Being a Long Distance Grandparent
Grandparents are very important to their families. Even if you live miles away, you can be a source of comfort and stability to your grandchildren. Here are a few ways to spice up your relationship with grandchildren who live at a distance:
- Send postcards and letters. Young children especially love colorful picture postcards. When you write letters, send pictures of yourself, your pets, scenes from a trip, or pictures of the child from a previous visit. You can also sprinkle your correspondence with trivia questions and riddles.
- Send audio or video cassette tapes. The children can play them over and over again and a taped "letter" is easier for a young child to understand than a written one. Young children can reply with their own tape. Ask the parents to interview the child on tape. The child might also play a piece recently mastered on a musical instrument.
- Use phone calls for special occasions, if you need to watch your budget. Sometimes events that are occasional, rather than regular, take on special significance.
- Invite one grandchild to visit at a time. It prevents sibling rivalry and will help assure a relaxed time for both of you. Limit the first visit to no more than a week, in case of homesickness. Before the visit, make some plans with the child, by letter or phone. Plan something special to do early in the visit: a trip to a museum, an amusement park, or a fishing spot. Teach a grandchild how to embroider, use tools, make a favorite recipe, or plant a garden. If possible, arrange time for play with other children.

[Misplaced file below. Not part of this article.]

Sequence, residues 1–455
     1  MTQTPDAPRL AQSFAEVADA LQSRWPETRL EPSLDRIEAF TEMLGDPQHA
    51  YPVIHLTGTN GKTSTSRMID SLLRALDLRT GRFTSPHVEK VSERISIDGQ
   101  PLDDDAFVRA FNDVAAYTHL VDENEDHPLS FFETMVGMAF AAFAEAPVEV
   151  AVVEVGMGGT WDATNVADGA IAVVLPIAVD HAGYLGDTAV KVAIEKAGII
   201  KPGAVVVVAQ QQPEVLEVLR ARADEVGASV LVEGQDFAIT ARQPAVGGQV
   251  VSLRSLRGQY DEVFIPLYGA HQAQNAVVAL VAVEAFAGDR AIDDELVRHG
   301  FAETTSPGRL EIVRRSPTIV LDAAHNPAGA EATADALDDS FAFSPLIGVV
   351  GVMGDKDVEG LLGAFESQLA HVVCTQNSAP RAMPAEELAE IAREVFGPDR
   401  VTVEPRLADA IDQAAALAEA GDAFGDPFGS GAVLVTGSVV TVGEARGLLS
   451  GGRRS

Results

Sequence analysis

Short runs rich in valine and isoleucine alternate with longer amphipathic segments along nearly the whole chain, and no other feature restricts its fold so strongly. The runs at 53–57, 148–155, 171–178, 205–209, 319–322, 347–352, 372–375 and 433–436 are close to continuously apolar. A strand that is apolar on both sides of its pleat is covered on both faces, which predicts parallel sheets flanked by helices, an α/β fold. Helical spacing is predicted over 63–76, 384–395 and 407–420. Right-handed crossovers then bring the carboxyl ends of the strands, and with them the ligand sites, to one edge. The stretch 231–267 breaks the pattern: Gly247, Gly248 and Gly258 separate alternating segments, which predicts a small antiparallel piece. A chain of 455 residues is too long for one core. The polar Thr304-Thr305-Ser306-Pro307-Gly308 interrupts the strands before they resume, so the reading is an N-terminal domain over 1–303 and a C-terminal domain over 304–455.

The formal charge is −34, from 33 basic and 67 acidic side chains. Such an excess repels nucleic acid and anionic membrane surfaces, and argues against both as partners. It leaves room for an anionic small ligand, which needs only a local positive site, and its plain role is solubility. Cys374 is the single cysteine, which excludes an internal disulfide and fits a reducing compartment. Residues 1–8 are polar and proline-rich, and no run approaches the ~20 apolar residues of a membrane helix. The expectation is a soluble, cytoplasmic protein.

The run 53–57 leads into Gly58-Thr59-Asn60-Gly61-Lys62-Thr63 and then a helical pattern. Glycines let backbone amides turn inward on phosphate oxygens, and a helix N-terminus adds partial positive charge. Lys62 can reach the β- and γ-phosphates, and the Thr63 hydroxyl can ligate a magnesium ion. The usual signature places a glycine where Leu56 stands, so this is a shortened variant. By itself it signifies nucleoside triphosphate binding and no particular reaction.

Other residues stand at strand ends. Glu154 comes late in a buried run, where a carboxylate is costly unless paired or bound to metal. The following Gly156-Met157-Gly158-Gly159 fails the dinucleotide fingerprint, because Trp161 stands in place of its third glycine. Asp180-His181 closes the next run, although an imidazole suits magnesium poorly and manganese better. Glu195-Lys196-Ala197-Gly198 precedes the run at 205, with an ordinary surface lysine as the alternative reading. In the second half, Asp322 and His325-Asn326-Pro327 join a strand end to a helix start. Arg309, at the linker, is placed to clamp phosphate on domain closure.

- Take a trip together. Go to a lake, a state park, historic places, or stay at a motel with a swimming pool. Be guided by the child's age and changing interests. To be important to your grandchild, you don't need everyday contact. You can maintain emotional contact from a distance. And when you're together, they thrive on the undivided attention you can give, the unconditional love that grandparents are so good at providing, and the opportunity to learn new things about this interesting world.
Reviewer: Dan Lago, Ph.D., Penn State Extension Aging Specialist, Penn State College of Agricultural Sciences